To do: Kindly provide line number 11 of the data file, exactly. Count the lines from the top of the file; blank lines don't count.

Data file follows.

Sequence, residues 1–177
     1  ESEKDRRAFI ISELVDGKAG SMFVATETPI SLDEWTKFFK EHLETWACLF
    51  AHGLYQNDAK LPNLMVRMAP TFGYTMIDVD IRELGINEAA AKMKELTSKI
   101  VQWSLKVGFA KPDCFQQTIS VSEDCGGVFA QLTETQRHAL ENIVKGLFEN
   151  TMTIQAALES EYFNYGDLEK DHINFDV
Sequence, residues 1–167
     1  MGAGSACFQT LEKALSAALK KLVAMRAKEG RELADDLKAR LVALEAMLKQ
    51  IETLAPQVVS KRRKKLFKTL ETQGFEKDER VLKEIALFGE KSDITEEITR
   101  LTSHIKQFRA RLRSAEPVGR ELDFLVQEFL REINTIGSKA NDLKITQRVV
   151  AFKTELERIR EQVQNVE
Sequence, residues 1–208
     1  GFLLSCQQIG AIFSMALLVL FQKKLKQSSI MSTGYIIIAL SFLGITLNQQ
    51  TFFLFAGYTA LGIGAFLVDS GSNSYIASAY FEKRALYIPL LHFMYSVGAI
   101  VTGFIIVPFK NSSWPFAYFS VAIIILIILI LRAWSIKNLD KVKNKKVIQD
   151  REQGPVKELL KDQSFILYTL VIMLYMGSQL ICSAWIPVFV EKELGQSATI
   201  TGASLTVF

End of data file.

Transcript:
Sequence, residues 1–208